NIGHT one of the 2023 AFL Draft is in the books, with 29 selections made across a bumper first round. There were surprises, bolters, sliders, and dramatic pick swaps aplenty, but the action at Marvel Stadium started with the inevitable.
>> EVERY PICK: 2023 AFL Draft Night One
Pick one, West Coast, Harley Reid. While live trades flew in from other clubs, the Eagles were on the board and did little to live up to the suspense of the arduous five-minute countdown – likely placing their selection within a thousandth of that time.
Reid was presented the number nine guernsey by its former holder, Nic Naitanui to kick off a first half-dozen picks which went largely to plan. Colby McKercher was next, off to North Melbourne, before the Roos bid on Suns Academy gun Jed Walter and took Zane Duursma with their second live pick.
That left Hawthorn to swoop on energetic small forward Nick Watson, who grew up a Collingwood supporter and was thrilled at the potential of teaming up with new Hawk, Jack Ginnivan. Next, Ryley Sanders landed at the Western Bulldogs to make it two Tasmanians within the top six.
Then came the first real bolter, Caleb Windsor. While it had been speculated for some time that Melbourne would be into the flying wingman, few could have predicted coming into the year that he’d land at pick seven.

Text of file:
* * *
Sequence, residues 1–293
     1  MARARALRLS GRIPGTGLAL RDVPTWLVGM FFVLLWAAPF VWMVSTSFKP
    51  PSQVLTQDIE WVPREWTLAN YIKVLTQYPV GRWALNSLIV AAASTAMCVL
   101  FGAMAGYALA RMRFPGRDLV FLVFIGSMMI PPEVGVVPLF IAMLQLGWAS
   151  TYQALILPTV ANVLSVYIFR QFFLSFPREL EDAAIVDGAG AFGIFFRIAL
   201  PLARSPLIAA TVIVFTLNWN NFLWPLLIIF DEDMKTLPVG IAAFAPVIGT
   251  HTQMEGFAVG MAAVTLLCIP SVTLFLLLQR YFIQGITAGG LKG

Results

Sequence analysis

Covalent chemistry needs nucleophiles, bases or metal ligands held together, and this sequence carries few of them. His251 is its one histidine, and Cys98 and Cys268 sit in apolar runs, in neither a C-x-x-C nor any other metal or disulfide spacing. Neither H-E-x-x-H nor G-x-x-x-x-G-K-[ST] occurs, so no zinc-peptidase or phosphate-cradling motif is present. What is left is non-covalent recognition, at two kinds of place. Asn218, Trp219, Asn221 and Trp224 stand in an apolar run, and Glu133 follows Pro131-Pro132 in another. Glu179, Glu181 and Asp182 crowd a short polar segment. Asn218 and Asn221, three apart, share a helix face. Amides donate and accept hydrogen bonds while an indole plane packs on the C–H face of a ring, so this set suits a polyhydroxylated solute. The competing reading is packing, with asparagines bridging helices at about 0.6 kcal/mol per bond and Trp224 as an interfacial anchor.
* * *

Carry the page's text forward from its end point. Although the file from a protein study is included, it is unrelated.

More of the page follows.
He became the Eastern Ranges’ second top 10 selection, having also helped the region reach this year’s Coates Talent League grand final. The Dees were stoked, landing a long-term wing replacement and one of the draft’s best athletes. Blink and you’ll miss him.
After seven relatively straightforward picks, it was time to shake things up. Greater Western Sydney traded its pick eight and 17 to Adelaide in exchange for the Crows’ picks 11, 15 and a future second rounder, with the deal revolving around the shaper of the draft – Daniel Curtin.
The West Australian utility, now a Crow, was linked with a range of clubs within the top 10 – no less West Coast. There was speculation that Adelaide could be in the mix for a move, and the South Australian club now has a readymade key back or big bodied midfielder to add to the mix.
Geelong was another team linked to Curtin and was next on the clock, lodging the night’s second academy bid which was duly matched. It was another Sun, this time dynamic ruck Ethan Read. What followed was another trade, as Essendon swooped in ahead of the Cats to land Nate Caddy.
Caddy, who projects as a slightly undersized key forward, is seen by the Bombers as a player in the mould of Jake Stringer. He provides power and presence up forward, but has improved his running capacity and may be able to pinch hit through midfield.
With a swap of picks, Geelong returned to the action and called out Connor O’Sullivan‘s name. The Albury product was presented the number 14 by Cats great Joel Selwood, but left the premiership captain behind to celebrate his good mate Phoenix Gothard going with the very next pick.
It was the Giants who landed Gothard, one of the biggest bolters of the night, having been linked to the lively small forward a little later in the order. The draft room was in raptures as two teammates realised their dreams in succession, and not without drama or tactics from their new clubs.
Things simmered down somewhat when Melbourne got back on the clock, again making a selection which was widely expected in Koltyn Tholstrup. That put Sydney on the clock, a club known to wreak havoc and pull the trigger on bids. That was no different this year.